Agreements on TTIP, Tisa and a post-Brexit quickie in jeopardy
BREXIT and free trade deals could be in jeopardy after a European Court of Justice decision yesterday.
The Luxembourg-based court ruled that a trade agreement struck with Singapore in 2013 must be ratified by all 28 member states — some of which require parliamentary approval — and not just a majority.
In its ruling, the court stated: “The free trade agreement with Singapore cannot, in its current form, be concluded by the European Union alone.”
A key sticking point was the deal’s investor-state dispute settlement clauses — a common feature of such agreements that allow foreign firms to sue governments over regulations that impede profit-making.
“The provisions of the agreement relating to non-direct foreign investment and those relating to dispute settlement between investors and states do not fall within the exclusive competence of the European Union,” the court said.
“The agreement cannot, as it stands, be concluded without the participation of the member states.”
The precedent set could spell trouble for the Transatlantic Trade and Investment Partnership (TTIP), already looking shaky since the election of protectionist US President Donald Trump last year, and the Trade in Services Agreement (Tisa).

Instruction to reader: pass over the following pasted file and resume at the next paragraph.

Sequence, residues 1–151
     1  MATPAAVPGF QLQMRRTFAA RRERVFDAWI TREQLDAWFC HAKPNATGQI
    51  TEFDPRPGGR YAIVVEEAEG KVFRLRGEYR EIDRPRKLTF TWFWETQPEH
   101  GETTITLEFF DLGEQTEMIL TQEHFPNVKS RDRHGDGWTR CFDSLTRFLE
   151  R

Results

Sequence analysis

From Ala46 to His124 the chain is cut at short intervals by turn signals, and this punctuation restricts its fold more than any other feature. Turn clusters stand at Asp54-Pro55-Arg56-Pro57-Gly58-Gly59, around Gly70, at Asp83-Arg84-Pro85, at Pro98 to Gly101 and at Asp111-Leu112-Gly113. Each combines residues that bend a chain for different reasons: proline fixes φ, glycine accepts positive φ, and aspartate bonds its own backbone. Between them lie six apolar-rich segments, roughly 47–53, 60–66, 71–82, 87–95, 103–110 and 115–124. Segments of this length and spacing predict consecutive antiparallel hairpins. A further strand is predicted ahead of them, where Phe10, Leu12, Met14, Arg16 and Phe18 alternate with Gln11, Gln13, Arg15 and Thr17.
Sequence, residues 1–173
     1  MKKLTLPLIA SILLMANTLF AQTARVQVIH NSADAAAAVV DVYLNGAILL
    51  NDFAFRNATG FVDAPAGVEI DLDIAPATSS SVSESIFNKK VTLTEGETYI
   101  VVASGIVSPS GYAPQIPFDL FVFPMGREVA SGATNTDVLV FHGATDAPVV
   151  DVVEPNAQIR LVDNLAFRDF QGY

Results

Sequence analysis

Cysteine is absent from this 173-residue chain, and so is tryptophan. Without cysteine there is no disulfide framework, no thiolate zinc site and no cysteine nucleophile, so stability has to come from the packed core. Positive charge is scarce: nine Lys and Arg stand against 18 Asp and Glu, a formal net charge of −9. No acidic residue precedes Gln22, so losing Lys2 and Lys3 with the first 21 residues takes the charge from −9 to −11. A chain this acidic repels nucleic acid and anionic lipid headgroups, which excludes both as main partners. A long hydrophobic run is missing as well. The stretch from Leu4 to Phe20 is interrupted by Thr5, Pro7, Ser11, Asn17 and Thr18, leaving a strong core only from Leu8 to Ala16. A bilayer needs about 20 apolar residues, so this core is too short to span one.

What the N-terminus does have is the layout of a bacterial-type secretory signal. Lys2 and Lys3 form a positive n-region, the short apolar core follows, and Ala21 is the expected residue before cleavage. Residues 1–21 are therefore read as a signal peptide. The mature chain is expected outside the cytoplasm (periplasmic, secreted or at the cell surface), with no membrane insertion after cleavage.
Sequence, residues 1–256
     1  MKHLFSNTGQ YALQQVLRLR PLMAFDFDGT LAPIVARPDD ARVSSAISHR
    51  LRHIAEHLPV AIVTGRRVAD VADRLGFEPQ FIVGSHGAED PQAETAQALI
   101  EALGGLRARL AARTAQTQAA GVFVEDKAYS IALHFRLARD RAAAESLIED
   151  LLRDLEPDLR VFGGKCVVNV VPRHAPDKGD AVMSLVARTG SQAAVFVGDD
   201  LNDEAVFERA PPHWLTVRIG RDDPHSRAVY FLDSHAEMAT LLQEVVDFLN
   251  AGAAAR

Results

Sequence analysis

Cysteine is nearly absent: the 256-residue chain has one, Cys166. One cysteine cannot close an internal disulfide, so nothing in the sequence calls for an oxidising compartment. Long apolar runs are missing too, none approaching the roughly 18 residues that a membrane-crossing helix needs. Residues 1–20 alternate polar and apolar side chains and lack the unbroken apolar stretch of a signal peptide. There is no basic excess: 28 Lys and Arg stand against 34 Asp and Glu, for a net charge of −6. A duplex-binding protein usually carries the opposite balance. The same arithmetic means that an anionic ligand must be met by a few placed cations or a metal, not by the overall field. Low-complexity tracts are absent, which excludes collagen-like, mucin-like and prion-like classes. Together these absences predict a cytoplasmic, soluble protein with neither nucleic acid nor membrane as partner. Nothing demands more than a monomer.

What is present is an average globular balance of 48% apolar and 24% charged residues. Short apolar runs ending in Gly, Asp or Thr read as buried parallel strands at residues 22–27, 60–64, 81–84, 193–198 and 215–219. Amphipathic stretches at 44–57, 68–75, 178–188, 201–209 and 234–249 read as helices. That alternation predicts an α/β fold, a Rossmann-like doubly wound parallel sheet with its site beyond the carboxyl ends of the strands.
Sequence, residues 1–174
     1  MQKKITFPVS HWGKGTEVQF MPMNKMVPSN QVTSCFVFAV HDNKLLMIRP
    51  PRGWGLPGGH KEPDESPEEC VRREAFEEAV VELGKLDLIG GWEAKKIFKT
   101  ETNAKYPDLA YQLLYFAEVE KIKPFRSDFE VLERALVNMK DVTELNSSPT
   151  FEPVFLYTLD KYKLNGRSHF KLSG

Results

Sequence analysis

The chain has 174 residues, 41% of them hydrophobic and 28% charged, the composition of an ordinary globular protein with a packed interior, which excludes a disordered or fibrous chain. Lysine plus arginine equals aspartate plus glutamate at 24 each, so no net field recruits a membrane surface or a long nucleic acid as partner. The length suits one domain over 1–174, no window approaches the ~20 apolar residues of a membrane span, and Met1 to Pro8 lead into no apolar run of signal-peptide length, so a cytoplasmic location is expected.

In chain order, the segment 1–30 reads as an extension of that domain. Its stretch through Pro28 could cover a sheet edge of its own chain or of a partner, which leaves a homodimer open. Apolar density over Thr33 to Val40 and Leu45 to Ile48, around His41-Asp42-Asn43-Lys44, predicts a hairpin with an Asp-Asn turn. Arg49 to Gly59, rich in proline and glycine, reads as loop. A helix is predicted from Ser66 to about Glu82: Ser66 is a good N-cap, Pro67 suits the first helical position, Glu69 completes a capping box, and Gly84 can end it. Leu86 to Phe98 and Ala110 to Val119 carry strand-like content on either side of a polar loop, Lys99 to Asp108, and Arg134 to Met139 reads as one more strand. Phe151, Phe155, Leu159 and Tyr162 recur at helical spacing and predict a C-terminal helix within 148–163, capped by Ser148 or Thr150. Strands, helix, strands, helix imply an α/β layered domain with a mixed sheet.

Trade unions, doctors, consumer and green groups across Europe and the US have campaigned fiercely against TTIP, which has been negotiated in secret.
The International Transport Workers’ Federation took advantage of a hiatus in Tisa talks to launch a new campaign against the deal last week.
Last year the Comprehensive Economic and Trade Agreement (Ceta) between the EU and Canada was almost scuppered by resistance from federal Belgium’s Wallonia regional parliament.
The precedent could also complicate Brexit talks if one nation’s MPs choose to reject a deal giving Britain access to the common market.
Liberal Democrat foreign affairs spokesman Tom Brake said: “Theresa May and Nigel Farage’s claims of an easy trade deal with the EU after Brexit have been left in tatters,” repeating his party’s calls for a the referendum result to be overturned.
Tory MEP Amjad Bashir said the Singapore ruling showed Britain was “right” to leave the EU.
“With so many hoops to jump through, Brussels may never strike a trade deal again,” he said. “By contrast, it will become ever more attractive for third-party nations such as Singapore, Canada, Pakistan or the US to strike a trade deal instead with a newly independent, outward-looking and flexible Britain.”